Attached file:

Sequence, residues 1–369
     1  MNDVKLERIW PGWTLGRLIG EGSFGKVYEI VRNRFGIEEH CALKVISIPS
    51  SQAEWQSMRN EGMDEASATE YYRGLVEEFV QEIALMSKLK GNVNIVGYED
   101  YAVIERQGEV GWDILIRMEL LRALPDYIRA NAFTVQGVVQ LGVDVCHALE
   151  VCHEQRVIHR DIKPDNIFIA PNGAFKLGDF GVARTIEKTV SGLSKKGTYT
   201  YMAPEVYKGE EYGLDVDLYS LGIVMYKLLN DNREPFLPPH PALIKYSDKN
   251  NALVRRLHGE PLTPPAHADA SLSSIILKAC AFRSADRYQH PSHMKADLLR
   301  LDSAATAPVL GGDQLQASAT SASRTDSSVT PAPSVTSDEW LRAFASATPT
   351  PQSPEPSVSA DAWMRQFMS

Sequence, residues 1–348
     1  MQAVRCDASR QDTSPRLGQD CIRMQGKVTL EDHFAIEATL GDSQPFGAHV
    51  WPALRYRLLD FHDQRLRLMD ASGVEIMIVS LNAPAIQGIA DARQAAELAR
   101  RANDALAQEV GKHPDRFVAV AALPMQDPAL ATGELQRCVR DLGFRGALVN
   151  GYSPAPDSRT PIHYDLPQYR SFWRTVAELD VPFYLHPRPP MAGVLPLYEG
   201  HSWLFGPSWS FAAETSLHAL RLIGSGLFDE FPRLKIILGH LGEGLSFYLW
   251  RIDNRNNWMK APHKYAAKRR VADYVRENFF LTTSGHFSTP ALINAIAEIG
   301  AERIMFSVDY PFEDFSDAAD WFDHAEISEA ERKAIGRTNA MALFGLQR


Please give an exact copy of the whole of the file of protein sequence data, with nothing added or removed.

Sequence, residues 1–369
     1  MNDVKLERIW PGWTLGRLIG EGSFGKVYEI VRNRFGIEEH CALKVISIPS
    51  SQAEWQSMRN EGMDEASATE YYRGLVEEFV QEIALMSKLK GNVNIVGYED
   101  YAVIERQGEV GWDILIRMEL LRALPDYIRA NAFTVQGVVQ LGVDVCHALE
   151  VCHEQRVIHR DIKPDNIFIA PNGAFKLGDF GVARTIEKTV SGLSKKGTYT
   201  YMAPEVYKGE EYGLDVDLYS LGIVMYKLLN DNREPFLPPH PALIKYSDKN
   251  NALVRRLHGE PLTPPAHADA SLSSIILKAC AFRSADRYQH PSHMKADLLR
   301  LDSAATAPVL GGDQLQASAT SASRTDSSVT PAPSVTSDEW LRAFASATPT
   351  PQSPEPSVSA DAWMRQFMS

Sequence, residues 1–348
     1  MQAVRCDASR QDTSPRLGQD CIRMQGKVTL EDHFAIEATL GDSQPFGAHV
    51  WPALRYRLLD FHDQRLRLMD ASGVEIMIVS LNAPAIQGIA DARQAAELAR
   101  RANDALAQEV GKHPDRFVAV AALPMQDPAL ATGELQRCVR DLGFRGALVN
   151  GYSPAPDSRT PIHYDLPQYR SFWRTVAELD VPFYLHPRPP MAGVLPLYEG
   201  HSWLFGPSWS FAAETSLHAL RLIGSGLFDE FPRLKIILGH LGEGLSFYLW
   251  RIDNRNNWMK APHKYAAKRR VADYVRENFF LTTSGHFSTP ALINAIAEIG
   301  AERIMFSVDY PFEDFSDAAD WFDHAEISEA ERKAIGRTNA MALFGLQR